“Rising Dissent and Lawsuits Pushed Scouts to Change”

I’m so far behind in posting notable lawsuit news. I have no reasonable excuse so I won’t bother yammering stuff. Instead, let’s get right to the news:

The president of the Boy Scouts of America called for an end to the organization’s ban on openly gay leaders amid the looming threat of lawsuits.

Source: Rising Dissent and Lawsuits Pushed Scouts to Change.

Erik Eckholm’s first paragraph says it all:

As Robert M. Gates, the president of the Boy Scouts of America, called Thursday for an end to the organization’s ban on openly gay leaders, the group was already facing state civil rights investigations in New York and Colorado and the looming threat of lawsuits that the Scouts seemed almost certain to lose.

Recently, a Francophone cousin (who’s a professor of French lit at one of our NYC colleges) was saying that it seems in this country all conflicts go to lawsuits. Everybody sues, he said. He said that in France the first move, so to speak, is protest, marches, strikes and that’s how people get laws to change in France.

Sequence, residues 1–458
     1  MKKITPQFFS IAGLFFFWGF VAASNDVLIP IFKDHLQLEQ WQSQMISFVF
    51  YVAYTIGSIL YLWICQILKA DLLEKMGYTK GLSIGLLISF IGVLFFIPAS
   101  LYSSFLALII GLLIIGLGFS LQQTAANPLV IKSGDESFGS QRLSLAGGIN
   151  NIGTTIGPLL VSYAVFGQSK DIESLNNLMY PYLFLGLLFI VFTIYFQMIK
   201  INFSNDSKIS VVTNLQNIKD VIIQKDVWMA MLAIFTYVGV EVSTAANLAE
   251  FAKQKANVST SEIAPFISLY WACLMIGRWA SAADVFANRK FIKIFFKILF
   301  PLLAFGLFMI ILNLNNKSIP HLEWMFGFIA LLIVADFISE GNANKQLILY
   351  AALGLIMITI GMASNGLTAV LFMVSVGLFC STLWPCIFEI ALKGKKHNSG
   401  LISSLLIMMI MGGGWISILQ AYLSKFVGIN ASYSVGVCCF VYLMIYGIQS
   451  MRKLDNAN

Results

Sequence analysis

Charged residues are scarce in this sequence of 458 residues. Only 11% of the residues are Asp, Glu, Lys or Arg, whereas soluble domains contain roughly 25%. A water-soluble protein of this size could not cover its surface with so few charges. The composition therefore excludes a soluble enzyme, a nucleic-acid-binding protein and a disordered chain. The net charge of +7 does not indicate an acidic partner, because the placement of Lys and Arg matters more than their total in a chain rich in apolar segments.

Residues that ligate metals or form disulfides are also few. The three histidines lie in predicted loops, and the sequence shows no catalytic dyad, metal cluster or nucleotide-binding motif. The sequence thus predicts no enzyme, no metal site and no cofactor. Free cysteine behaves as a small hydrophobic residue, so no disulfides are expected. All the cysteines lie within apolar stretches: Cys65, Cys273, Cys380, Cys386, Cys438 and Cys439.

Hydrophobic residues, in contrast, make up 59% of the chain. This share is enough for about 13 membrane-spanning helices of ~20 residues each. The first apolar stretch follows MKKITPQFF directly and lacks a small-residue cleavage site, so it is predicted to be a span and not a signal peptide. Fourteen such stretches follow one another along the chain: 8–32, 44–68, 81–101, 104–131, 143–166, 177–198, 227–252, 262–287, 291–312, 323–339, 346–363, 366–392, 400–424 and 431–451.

“Why isn’t there open protest to change laws here?” he asked.

There was, I told him (and this discussion came right after the major civil rights demonstrations and protests all over the country), but pointed out that in our huge, monumentally diverse country (not to say monumentally, angrily divided), moving law, moving legislatures–not even just in times of the political divisions we have now in our legislatures–takes a long, long time. A country as relatively small as France can be a lot more nimble.

But lawsuits, I pointed out, can push legislation, can change people’s minds, can change things.

The news about the Boy Scouts validates my argument, an argument I have made here numerous times. It’s all in that New York Times headline: “Rising dissent and lawsuits pushed Scouts to change.”

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